UK Elects to Leave EU in historic vote: What next for business?

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In a decision sending shockwaves across world markets, Britain chose to leave the EU in an historic vote with lasting ramifications. As the country absorbs the surprising results, prudent employers would do well to understand what happened, what happens next, and how they can prepare.

What Happened?

Official results were announced Friday morning—it was a close race, but in the end Britain backed Brexit. Despite bad weather and floods leading to travel disruption, voter turnout was high—72.2 per cent of eligible voters cast their ballot in Thursday’s referendum, which amounts to about 33.5 million votes. This fell just short of beating the record for highest voter turnout in a UK-wide election, set at 72.3 per cent in the 1992 general election.

Referendum results paint a picture of a strongly polarised country. The official results are Remain 48 per cent, Leave 52 per cent. Remain areas came in more strongly for Remain than expected, and the same is true for Leave, according to Guardian results.

As expected, Scotland and London voted overwhelmingly for Remain. But outside the capital, every English region had a majority for Leave.

Adding to the uncertainty, on Friday morning David Cameron announced he would resign as Prime Minister by October, stressing that he would do everything he could to ‘steady the ship’ over the next few months but that ‘fresh leadership’ was needed, according to the BBC.

Cameron’s announcement helped momentarily calm turbulent markets and halt a rapidly plunging pound. However, the change in leadership is not a cure-all, and Bank of England (BoE) Governor Mark Carney cautioned that ‘inevitably, there will be a period of uncertainty and adjustment following this result’.

Carney was careful to stress that UK banks are more resilient since the 2008 financial crisis, and that the BoE will implement contingency plans. Carney pledged to make £250 billion available to banks to help steady volatile post-Brexit markets. And for good reason, since the FTSE 100 fell 8 per cent, losing £100 billion in the process, and the pound dipped to a 31-year low, according to Reuters. As banks grapple with chaotic markets and a weak but recovering
pound, uncertainty will be the norm for now.

What Happens Next?

A period of uncertainty is inevitable after such an historic, unprecedented vote, but Britain will not immediately leave the EU. It could take a minimum of two years to negotiate the complex withdrawal process. During that time, Britain will slowly disentangle itself from the EU and renegotiate its economic agreements. Employment law also hangs in the balance, as Britain will now have to decide which EU laws from the last 40+ years to amend or ditch.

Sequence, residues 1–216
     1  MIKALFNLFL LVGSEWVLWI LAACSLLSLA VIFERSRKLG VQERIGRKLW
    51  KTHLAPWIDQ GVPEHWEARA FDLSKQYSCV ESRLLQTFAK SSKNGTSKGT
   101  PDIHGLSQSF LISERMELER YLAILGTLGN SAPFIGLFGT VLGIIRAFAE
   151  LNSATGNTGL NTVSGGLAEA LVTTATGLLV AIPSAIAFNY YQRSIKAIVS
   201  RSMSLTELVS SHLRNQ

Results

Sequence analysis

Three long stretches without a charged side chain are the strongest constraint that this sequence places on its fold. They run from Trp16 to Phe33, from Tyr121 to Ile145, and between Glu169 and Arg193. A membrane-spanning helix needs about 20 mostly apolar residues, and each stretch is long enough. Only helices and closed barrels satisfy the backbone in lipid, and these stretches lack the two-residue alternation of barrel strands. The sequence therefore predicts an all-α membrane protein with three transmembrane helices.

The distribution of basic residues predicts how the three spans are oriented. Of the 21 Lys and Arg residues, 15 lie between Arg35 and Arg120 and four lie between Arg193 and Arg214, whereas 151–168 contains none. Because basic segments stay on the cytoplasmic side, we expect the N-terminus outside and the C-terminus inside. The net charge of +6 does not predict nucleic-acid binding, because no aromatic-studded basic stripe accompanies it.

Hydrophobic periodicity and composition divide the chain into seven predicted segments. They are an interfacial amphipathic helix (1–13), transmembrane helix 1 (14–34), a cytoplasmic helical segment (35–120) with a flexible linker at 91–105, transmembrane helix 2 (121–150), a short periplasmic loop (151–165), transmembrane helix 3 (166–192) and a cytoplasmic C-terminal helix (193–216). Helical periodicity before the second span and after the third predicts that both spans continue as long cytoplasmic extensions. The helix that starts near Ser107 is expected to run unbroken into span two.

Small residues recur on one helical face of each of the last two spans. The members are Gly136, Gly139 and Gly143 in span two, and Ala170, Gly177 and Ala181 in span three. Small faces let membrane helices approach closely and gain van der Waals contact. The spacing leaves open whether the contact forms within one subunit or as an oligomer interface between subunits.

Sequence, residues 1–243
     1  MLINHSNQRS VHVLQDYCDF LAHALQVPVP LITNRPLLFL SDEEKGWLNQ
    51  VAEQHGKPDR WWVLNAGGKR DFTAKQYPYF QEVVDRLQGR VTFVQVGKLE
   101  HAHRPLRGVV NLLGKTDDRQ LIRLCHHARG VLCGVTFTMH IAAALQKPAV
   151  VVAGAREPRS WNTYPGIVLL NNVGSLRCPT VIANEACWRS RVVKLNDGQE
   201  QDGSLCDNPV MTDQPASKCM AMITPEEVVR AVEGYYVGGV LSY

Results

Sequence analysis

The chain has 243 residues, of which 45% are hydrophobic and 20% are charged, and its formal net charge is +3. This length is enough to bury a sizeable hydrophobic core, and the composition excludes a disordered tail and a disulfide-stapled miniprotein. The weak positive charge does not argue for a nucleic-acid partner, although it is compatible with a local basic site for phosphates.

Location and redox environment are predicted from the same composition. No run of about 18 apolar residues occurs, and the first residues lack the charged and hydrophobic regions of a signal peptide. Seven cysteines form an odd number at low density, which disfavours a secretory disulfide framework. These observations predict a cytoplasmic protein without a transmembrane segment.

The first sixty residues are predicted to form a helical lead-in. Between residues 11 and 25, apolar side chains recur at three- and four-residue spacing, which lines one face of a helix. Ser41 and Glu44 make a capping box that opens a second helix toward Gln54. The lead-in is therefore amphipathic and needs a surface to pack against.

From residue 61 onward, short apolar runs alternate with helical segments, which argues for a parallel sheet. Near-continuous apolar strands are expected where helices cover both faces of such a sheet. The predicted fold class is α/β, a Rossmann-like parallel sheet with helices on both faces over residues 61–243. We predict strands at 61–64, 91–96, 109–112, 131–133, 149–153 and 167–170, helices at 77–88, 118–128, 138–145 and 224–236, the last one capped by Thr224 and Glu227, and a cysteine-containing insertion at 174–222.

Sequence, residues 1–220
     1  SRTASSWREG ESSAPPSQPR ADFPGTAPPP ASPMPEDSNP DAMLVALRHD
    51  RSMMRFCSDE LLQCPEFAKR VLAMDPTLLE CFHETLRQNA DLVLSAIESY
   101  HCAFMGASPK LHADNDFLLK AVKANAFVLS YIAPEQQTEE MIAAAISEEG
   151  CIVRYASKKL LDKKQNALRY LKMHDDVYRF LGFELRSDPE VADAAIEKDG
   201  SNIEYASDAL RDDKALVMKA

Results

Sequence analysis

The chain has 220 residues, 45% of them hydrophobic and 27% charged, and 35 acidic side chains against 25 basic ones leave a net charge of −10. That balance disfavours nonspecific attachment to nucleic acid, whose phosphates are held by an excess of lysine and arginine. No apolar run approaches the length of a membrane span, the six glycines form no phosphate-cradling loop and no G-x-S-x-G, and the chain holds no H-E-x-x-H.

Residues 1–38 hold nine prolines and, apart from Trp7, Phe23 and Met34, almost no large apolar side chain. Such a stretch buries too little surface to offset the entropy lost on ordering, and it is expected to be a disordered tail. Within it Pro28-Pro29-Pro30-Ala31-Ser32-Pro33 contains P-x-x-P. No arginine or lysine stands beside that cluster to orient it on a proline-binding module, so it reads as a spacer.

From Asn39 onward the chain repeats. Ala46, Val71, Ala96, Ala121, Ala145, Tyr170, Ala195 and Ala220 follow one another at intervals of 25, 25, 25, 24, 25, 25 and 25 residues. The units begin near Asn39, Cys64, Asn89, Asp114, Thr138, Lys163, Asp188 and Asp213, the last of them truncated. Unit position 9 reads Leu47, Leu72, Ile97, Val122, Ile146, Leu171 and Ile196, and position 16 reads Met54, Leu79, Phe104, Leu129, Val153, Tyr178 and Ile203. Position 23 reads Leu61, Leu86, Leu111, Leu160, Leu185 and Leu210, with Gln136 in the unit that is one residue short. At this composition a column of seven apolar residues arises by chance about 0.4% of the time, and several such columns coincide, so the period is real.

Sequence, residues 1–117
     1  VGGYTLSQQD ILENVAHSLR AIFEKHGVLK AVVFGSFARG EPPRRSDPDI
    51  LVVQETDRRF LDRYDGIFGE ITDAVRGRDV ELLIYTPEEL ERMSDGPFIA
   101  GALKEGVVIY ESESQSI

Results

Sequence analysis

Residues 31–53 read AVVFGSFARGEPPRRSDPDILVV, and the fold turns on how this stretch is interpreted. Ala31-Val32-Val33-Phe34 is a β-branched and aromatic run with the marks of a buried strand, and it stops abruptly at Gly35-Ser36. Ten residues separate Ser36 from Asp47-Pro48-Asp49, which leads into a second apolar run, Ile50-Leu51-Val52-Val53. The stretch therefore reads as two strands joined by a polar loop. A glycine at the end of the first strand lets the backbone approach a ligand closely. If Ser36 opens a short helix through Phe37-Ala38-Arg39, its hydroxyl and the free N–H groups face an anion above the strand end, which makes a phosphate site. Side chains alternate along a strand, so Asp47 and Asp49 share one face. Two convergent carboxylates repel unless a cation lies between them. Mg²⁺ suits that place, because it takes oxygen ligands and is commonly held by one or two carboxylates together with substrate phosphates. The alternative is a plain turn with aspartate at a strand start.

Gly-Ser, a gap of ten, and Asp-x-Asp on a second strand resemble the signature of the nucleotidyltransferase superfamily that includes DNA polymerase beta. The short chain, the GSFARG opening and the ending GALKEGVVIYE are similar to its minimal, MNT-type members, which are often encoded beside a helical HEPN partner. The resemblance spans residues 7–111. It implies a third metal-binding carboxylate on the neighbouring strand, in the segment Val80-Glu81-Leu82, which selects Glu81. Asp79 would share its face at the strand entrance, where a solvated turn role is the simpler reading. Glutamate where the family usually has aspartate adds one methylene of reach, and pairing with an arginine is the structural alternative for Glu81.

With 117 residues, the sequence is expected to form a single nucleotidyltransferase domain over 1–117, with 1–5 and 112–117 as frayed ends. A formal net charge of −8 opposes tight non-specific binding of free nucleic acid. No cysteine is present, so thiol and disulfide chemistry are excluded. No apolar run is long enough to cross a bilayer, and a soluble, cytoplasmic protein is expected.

Cameron is leaving it to his successor to instigate Article 50 of the Lisbon Treaty, which is the formal mechanism for leaving the EU. But the rules in Article 50 are brief and no country has ever used them before, so the process is not clear at the moment.

How Can I Prepare My Businesses?

Britain has much to figure out in its post-Brexit reality, but will remain an economic powerhouse despite momentary market fluctuation. While Britain recovers and begins to renegotiate its relationship with the EU, understand how Brexit will affect your business and ask yourself the following questions:

    • What aspects of EU membership are most important to my business?
    • How much of my business comes from the EU?
    • How does Brexit affect my supply chain?
    • If we lose freedom of movement within the EU, does that hurt my business?
    • Does reduced EU regulation help or hurt me?
    • Does Brexit open any opportunities for me?

It will be some considerable time before all of the ramifications of the decision made by the British public are understood, with lots of questions still to be answered: who will be negotiating a future for Britain outside of Europe? Will Britain itself stay united, or will Scotland trigger another referendum on membership of the United Kingdom? Some things won't be known for a long time, but as is always the case with flourishing businesses, being able to adapt to a different economic climate - by anticipating differing outcomes - could help you survive and thrive in the long-term.

In the meantime, if you have any concerns about the future of your business, particularly regarding insurance arrangements, then Bollington are on-hand to assist you wherever we can.